Over the last decade, the Wings have assembled a daunting record of 232-120 on its home ice in "the Joe," as locals call the Joe Louis Arena, named for the Detroit native who was a legendary boxing champion in the 1930s.

And then there are the Lions.

Though they made the playoffs in the 2011-12 season, the city's perennially bottom-dwelling football team has not won a National Football League championship since 1957, around the time the city's population peaked and a decade before the first Super Bowl was played. In 2008, they became the first team in NFL not to win a single game over a 16-game season.

The consistent losing has not kept fans away from games, and the Lions dominate conversation in the city throughout the fall.

But right now, it's all about the Tigers. On Friday night, the 17th sell-out crowd of the season packed into 41,782-seat Comerica Park to watch Detroit beat the Philadelphia Phillies by a 2-1 score. So far this season, the Tigers have drawn 1.8 million fans downtown for games.

"It's the only time it feels like a real city," Mike Flynn, 57, said during Friday night's game. Flynn moved to Detroit in 1980 and lived in the city for six years before moving to the suburbs.

Some people question whether the city should have helped finance expensive new stadiums for the Tigers and Lions. But others say the importance of sports in Detroit goes far beyond dollars and sense.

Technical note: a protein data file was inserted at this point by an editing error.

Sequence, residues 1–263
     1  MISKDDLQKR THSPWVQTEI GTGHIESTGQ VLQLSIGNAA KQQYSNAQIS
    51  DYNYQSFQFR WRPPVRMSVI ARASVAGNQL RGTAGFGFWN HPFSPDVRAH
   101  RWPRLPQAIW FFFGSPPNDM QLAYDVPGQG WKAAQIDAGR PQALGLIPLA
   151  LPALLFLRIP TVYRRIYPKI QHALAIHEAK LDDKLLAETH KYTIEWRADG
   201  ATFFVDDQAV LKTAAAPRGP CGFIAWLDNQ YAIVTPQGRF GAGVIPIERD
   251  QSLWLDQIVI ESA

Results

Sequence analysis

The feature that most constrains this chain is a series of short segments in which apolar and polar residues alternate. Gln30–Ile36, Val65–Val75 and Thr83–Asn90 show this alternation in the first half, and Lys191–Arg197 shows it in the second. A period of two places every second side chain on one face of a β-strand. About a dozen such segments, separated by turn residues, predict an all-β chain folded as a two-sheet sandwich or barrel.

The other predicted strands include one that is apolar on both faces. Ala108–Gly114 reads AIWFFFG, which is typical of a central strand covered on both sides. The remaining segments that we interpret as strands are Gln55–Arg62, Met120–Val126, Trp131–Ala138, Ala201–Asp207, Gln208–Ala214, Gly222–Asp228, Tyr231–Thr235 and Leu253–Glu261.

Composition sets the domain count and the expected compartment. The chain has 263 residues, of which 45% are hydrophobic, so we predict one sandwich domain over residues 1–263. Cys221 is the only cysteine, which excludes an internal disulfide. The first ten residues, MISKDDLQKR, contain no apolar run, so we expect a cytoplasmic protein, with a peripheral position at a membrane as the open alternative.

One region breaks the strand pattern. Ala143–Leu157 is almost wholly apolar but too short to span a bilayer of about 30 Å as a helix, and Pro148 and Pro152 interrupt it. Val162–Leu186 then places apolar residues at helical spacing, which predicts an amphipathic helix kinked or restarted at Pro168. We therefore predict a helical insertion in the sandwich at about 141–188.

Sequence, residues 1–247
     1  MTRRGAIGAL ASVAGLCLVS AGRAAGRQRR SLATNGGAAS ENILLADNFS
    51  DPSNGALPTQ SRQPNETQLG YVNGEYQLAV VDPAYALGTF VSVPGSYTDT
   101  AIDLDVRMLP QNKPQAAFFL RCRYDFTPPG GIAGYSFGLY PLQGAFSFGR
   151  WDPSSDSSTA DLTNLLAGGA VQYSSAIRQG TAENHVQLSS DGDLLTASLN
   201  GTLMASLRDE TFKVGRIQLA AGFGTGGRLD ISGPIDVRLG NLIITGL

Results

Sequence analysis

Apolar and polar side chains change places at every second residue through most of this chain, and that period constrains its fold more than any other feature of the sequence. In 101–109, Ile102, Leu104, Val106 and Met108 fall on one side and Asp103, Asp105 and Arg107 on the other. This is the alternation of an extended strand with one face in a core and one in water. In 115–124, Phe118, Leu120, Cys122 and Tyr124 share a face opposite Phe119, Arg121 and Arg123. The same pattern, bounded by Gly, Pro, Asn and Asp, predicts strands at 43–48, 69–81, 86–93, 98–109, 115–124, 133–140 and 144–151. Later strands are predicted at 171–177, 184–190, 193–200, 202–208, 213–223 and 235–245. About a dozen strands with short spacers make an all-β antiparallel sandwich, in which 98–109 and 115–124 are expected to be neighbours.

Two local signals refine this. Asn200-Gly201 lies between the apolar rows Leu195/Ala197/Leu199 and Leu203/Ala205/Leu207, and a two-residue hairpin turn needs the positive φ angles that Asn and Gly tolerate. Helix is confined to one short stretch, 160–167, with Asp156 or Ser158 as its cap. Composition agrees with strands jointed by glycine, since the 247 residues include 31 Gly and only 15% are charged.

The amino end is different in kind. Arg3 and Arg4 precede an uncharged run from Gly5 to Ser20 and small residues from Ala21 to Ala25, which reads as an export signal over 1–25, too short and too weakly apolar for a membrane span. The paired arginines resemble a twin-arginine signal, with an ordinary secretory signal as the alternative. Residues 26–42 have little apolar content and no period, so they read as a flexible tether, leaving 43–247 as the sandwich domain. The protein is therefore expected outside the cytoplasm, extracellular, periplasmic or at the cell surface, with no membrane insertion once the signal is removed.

‘BLUE COLLAR'

The teams and the city's principal industry, car making, have close connections. William Clay Ford Sr., grandson of Henry Ford, owns the Lions. The Pistons are named for a key component in an automotive engine. The Red Wings logo features wings mounted on a car wheel.

Before the 2009 season General Motors, then itself on the verge of bankruptcy, told the Detroit Tigers it would no longer be able to sponsor the center-field fountain at Comerica Park that shoots off streams of water after Tigers home runs.

The fountain dominates the stadium's outfield, and despite multiple offers for alternative sponsorships, the Tigers decided to keep GM's logo on the fountain, along with Ford Motor Co's Blue Oval and Chrysler's Pentastar at no cost to the companies. "The Detroit Tigers support our automakers," the fountain read.

Still, some local residents are troubled by the contrast between the wealth of the teams and the impoverished city that supports them. The Tigers, for example, have the fifth highest payroll in baseball, paying players a collective $148 million. Detroit's median household income is just $27,000, roughly half the national average and the lowest of any major U.S. city.

"It's jarring to think about players making as much as they do when the community is impoverished," said Skidmore College professor Daniel Nathan, president of the North American Society for Sport History.

Yet when Lions coach Jim Schwartz was asked at a press conference last week whether the Lions, coming off a disappointing 4-12 season, needed an "emergency manager" to turn the team around, he said he welcomed the comparisons between the city and team.

"I'd like those comparisons to be resiliency, blue-collar, hard work, toughness," Schwartz said. "I think those are the things that are most important about the city of Detroit. Those are the things that I hope the Lions reflect."

(Editing by Dan Burns, Frank McGurty and David Gregorio)